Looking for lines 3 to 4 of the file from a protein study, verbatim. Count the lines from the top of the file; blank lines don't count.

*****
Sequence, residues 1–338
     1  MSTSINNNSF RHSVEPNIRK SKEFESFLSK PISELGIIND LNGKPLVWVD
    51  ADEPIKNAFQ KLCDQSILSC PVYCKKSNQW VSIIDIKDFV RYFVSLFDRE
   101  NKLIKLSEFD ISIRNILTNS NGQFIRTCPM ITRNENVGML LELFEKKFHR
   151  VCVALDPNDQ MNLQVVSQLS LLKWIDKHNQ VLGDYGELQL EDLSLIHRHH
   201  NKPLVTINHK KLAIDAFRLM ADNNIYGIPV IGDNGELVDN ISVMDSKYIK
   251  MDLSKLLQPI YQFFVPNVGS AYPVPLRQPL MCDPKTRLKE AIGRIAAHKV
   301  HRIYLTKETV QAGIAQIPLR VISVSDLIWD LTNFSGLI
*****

    51  ADEPIKNAFQ KLCDQSILSC PVYCKKSNQW VSIIDIKDFV RYFVSLFDRE
   101  NKLIKLSEFD ISIRNILTNS NGQFIRTCPM ITRNENVGML LELFEKKFHR